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The king of Elis in the Peloponnese. He was generally regarded as the son of the Sun (Helios), although there is evidence for other versions of his descent. He is said, for example, to be the son of Lapith Phorbas, or of Poseidon, or of Eleius, the hero from whom Elis took its name. His mother was Hyrmine, the daughter of Neleus (Table 14 and Table 23). All these genealogies say that Actor was his brother. He took part in the expedition of the Argonauts with the purpose, it was said, of getting to know his half-brother, Aeetes, whom he had never seen.

Augias was the owner of very important herds inherited from his father, but through his carelessness, he let the dung pile up in his stables, which damaged the fertiility of his lands. Accordingly, when Eurystheus ordered Heracles to clean his stables, Augias was very ready to agree, all the more since Heracles demanded by way of payment a tenth of his herds if he managed to finish the task in a single day, and Augias thought this was impossible. Heracles made an opening in the wall surrounding the stables and caused the waters of the rivers Alpheus and Peneus, which ran very close to each other, to flow through them. The water emerged through the other end of the yard and washed away all the dung. In his anger at seeing the hero perform the task he had boasted of, Augias alleged that he had either been helped by Iolaus or that he was already a servant of Eurystheus and refused to pay the agreed price. On being called as a witness, Augias' son Phyleus swore in front of the judges that his father had indeed promised a tenth of his herds to Heracles in payment for his labour. Before the verdict was pronounced, Augias banished both Heracles and Phyleus from his realm.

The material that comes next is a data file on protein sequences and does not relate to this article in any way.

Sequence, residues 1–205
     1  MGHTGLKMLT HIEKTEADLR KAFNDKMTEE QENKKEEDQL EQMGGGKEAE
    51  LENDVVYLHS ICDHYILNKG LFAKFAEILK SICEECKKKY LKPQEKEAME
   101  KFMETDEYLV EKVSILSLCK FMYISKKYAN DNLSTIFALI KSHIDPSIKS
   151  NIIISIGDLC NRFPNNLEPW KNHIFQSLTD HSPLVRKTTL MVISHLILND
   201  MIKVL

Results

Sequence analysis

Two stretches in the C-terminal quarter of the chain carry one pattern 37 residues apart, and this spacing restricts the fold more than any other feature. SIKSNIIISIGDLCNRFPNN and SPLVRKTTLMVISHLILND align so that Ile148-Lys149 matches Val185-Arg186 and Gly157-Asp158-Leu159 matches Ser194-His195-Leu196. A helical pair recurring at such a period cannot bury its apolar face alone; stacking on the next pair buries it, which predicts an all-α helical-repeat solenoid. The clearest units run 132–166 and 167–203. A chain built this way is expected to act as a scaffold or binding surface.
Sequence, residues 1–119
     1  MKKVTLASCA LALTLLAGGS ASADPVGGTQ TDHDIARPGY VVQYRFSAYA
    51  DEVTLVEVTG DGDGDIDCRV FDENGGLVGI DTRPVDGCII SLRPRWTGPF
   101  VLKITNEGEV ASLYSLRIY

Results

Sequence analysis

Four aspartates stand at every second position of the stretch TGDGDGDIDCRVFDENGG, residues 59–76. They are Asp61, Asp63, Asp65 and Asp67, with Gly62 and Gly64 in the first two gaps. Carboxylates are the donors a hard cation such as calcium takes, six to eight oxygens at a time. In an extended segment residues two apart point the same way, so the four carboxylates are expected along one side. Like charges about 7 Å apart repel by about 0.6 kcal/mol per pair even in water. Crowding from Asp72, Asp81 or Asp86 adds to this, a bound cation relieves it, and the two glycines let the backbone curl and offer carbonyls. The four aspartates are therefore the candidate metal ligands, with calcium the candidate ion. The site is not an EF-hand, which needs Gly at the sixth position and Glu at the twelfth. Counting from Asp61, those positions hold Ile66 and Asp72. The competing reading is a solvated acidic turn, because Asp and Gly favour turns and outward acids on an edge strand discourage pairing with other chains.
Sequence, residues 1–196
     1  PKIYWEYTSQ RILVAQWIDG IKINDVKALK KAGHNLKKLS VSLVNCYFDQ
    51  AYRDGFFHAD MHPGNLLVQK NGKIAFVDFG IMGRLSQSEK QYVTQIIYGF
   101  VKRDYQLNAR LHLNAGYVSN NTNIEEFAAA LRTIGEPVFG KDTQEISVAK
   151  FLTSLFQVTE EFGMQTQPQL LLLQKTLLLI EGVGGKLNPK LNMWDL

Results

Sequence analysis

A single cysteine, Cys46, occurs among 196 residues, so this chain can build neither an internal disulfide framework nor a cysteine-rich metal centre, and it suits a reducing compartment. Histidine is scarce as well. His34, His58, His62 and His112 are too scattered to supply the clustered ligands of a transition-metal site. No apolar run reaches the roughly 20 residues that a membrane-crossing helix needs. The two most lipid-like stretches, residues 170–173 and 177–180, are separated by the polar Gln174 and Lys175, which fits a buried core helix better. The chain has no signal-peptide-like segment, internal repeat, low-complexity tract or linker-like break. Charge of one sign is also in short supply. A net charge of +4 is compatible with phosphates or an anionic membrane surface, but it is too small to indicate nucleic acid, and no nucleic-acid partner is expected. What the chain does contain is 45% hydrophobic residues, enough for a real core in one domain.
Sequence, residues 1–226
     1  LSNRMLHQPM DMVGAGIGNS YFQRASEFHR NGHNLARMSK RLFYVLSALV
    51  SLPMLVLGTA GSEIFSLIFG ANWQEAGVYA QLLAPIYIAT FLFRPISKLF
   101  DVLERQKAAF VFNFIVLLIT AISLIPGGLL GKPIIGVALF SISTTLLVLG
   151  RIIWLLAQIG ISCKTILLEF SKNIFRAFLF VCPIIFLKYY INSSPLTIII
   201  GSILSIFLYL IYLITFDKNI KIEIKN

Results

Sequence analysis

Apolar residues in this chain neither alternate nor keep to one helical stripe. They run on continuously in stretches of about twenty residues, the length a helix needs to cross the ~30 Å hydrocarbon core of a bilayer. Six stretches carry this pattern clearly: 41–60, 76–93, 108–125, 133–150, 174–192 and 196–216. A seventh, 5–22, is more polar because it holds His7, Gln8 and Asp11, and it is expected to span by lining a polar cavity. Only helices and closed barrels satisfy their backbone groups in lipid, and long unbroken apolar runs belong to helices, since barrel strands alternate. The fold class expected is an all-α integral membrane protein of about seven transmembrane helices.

Later, however, Heracles mustered an army of Arcadian volunteers and marched against Augias, who on hearing that the hero was raising a force against him, commissioned his nephews, the two sons of Actor, or the Molionidae, to defend him. Since Heracles had fallen ill, the two brothers took advantage of the fact to inflict a defeat on the hero, but shortly after, during a religious ceremony, Heracles killed the Molionidae and captured Elis. He killed Augias and his sons and set Phyleus on the throne of the city.

In another tradition, Augias died naturally in extreme old age, and his people were said to have given him divine honours. (For the story of the treasure of Augias, see Agamedes.)


Table of Sources:
- Pind. Ol. 10, 26ff (32ff.) with schol. on 42b
- Hom. Il. 11, 701
- schol. on Hom. Il. 2, 620ff.; 11, 700
- Apoll. Rhod. Arg. 1, 172 with schol.; 3, 362
- Apollod. Bibl. 1, 9, 16; 2, 5, 5
- Hyg. Fab. 14; 30; 157
- Paus. 5, 1, 9; 5, 2, 1ff.; 5, 3, 1
- Diod. Sic. 4, 13, 3; 4, 33, 1
- Theocr. 25, 7
- Tzetzes, Chil. 2, 278